In a landmark decision, the House has passed legislation already approved by the Senate which would allow private American citizens to formally bring lawsuits against the Saudi Arabia government for their alleged involvement in the attacks of 9/11.
Long before the House approved the legislation, president Obama said that he fully intends to veto the legislation if it makes it to his desk.
“If we open up the possibility that individuals and the United States can routinely start suing other governments, then we are also opening up the United States to being continually sued by individuals in other countries.”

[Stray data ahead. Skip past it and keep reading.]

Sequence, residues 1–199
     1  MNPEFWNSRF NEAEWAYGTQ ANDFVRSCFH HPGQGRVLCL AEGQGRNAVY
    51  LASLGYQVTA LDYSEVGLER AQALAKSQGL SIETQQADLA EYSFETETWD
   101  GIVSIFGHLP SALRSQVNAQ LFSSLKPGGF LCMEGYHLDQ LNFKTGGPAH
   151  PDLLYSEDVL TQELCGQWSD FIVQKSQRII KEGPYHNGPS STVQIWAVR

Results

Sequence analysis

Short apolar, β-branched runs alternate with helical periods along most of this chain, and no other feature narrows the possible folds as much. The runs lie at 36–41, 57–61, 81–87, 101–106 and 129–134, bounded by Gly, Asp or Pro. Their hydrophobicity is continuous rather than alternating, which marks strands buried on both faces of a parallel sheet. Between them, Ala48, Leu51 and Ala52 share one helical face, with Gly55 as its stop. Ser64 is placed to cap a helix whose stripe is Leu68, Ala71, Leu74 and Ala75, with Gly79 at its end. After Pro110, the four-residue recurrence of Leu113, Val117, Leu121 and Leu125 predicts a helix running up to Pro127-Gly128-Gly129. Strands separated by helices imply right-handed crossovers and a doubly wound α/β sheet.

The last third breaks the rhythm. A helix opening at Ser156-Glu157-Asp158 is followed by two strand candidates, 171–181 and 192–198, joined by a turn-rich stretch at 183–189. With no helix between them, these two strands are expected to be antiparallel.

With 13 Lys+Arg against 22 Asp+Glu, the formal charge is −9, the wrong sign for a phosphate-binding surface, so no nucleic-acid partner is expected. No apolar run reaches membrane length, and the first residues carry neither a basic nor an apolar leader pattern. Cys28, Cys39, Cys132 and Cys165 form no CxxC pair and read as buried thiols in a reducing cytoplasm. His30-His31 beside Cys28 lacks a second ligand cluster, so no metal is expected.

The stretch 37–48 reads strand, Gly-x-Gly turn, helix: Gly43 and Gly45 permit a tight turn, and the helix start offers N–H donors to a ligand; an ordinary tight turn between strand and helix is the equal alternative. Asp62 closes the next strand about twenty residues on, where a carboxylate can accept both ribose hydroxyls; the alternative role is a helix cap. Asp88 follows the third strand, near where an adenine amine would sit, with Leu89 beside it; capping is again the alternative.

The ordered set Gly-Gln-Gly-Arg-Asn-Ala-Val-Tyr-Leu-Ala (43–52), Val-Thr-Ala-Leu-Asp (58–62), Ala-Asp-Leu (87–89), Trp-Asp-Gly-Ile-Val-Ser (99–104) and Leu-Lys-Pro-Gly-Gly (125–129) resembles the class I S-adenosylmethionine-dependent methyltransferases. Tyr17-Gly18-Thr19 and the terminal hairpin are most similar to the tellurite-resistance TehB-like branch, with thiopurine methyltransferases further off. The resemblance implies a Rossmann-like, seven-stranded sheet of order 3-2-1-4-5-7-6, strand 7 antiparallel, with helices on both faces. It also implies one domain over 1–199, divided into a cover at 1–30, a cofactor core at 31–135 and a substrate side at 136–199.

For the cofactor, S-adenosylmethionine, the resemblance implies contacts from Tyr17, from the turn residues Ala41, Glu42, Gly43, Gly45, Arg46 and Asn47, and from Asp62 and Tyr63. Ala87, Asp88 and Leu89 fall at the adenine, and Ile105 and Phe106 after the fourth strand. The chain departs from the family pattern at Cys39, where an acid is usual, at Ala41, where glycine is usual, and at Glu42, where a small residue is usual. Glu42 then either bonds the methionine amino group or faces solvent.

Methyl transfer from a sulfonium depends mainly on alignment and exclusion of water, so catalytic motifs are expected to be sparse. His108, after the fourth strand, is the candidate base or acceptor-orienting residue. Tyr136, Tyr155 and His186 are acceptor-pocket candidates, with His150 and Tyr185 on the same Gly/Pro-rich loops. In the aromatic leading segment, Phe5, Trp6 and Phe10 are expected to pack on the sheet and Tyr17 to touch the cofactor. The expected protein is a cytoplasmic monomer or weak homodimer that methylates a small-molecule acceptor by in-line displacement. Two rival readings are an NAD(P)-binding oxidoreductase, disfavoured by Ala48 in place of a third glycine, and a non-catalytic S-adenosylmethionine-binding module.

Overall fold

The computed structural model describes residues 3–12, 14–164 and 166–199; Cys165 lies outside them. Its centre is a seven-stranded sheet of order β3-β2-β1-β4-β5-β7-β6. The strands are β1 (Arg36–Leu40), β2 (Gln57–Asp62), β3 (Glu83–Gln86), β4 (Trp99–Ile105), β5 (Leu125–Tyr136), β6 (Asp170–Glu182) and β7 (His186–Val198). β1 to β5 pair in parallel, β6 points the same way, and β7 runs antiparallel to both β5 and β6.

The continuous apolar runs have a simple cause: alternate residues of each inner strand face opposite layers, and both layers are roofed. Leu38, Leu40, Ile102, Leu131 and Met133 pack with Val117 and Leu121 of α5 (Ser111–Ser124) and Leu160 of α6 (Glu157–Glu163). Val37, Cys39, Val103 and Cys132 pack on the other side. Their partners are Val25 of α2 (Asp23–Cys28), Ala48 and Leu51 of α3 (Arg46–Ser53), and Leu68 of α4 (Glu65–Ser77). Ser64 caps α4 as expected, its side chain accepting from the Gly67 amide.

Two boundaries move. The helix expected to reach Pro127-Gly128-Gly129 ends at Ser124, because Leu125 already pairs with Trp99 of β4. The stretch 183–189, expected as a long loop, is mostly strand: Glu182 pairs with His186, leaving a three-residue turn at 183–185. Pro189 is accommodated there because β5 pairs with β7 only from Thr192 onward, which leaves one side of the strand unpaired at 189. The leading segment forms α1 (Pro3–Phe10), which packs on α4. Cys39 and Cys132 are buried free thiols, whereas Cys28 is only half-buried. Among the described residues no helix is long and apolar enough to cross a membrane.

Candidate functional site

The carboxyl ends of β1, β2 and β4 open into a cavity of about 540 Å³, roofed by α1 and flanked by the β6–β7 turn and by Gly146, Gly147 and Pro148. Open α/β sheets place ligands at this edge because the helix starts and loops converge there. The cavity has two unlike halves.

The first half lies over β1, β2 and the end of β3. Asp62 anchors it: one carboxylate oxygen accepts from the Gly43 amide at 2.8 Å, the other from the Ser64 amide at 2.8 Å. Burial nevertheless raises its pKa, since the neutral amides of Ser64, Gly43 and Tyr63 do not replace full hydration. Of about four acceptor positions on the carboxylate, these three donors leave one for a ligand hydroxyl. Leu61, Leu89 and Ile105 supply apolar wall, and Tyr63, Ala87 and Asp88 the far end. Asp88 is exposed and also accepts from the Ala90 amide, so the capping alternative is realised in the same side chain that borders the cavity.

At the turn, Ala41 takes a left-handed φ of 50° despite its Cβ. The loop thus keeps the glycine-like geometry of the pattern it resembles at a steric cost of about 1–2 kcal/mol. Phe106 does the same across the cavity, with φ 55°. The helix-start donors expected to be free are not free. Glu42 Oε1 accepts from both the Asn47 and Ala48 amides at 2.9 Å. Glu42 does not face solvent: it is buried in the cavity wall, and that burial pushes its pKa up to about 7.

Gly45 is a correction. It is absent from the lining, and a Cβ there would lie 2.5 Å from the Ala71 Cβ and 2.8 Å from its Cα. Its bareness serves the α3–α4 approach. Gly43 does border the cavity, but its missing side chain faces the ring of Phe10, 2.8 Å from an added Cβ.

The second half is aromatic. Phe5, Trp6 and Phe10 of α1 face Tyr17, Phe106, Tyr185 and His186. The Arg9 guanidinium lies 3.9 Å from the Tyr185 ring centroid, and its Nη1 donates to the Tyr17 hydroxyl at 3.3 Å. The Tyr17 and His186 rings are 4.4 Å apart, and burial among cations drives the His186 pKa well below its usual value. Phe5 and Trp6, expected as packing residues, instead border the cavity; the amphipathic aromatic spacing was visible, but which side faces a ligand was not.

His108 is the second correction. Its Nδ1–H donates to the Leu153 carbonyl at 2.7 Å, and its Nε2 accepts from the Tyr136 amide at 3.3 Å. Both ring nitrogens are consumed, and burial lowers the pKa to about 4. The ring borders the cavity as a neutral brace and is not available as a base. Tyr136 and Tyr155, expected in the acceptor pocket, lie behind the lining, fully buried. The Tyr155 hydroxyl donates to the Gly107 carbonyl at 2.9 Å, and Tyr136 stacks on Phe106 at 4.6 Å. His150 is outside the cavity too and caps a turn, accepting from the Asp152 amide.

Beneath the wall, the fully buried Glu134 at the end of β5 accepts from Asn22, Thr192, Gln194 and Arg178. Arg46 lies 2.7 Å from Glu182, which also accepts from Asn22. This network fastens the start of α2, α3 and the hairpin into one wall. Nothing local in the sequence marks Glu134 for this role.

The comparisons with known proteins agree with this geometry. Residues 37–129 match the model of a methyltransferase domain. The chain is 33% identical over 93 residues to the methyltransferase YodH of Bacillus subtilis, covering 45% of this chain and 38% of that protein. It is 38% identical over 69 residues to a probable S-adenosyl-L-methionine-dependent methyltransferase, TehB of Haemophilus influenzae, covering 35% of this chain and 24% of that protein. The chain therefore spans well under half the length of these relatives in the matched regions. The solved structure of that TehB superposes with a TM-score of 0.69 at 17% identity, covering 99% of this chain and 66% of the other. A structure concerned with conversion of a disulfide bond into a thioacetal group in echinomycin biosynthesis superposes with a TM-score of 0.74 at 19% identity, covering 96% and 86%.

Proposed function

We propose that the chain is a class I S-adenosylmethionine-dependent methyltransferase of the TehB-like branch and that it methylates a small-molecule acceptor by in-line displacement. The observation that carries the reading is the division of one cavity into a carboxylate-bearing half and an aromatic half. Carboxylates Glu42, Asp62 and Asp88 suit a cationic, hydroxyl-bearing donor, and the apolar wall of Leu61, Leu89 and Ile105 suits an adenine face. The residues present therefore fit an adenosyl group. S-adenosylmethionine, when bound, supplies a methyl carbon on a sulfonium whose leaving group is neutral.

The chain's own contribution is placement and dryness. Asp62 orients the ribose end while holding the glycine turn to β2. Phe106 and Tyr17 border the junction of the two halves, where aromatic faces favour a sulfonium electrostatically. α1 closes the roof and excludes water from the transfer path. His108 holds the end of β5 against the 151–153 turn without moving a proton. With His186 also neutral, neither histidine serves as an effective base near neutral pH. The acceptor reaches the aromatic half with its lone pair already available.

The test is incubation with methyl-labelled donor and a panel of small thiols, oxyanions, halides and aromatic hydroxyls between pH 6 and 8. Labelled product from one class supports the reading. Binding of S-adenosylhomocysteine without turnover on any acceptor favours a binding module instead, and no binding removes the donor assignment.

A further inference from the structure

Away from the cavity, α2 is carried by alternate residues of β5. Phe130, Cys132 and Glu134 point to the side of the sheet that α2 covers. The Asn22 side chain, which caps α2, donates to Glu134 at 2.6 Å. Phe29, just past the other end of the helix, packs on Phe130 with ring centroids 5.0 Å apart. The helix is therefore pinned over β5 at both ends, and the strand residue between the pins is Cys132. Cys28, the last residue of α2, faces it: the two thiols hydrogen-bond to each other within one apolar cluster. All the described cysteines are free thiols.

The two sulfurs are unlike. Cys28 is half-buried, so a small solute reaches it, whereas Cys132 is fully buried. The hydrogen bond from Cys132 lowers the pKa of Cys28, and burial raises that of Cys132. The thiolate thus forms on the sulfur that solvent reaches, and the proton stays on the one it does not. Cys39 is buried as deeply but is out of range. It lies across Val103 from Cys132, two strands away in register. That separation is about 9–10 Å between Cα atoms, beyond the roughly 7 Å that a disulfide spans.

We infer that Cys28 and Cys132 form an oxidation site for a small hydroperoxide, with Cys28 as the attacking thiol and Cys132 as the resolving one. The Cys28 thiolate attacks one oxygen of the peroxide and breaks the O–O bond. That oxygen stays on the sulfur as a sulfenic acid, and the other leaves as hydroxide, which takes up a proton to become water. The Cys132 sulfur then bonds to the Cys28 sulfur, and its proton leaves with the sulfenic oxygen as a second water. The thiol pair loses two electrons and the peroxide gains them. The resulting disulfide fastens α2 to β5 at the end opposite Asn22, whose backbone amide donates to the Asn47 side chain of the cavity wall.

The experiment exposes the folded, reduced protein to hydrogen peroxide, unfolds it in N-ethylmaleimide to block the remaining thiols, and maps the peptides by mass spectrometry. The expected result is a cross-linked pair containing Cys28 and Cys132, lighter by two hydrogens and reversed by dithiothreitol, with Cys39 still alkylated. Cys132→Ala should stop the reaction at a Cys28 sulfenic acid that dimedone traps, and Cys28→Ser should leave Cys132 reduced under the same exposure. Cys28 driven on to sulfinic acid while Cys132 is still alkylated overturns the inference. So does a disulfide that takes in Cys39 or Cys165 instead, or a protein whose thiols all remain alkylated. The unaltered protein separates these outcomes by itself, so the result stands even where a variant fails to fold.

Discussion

The president’s fears are twofold: that victims of American-instigated attacks and warfare could lodge their own cases against the U.S., and that relations with Saudi Arabia would break down in the face of this legislation.
Saudi Arabia has already made it clear that they intend to remove U.S. investments in retaliation if the legislation is passed.
The 9/11 attacks ended the lives of nearly 3,000 citizens, injured another 6,000, and left thousands more with long-term effects from exposure to deadly chemicals and inhalants. If the Saudi Arabia government was truly uninvolved with the attack, they have nothing to fear from litigation, but the thousands of Americans involved have a right to pursue justice.
— CNN Newsroom (@CNNnewsroom) September 9, 2016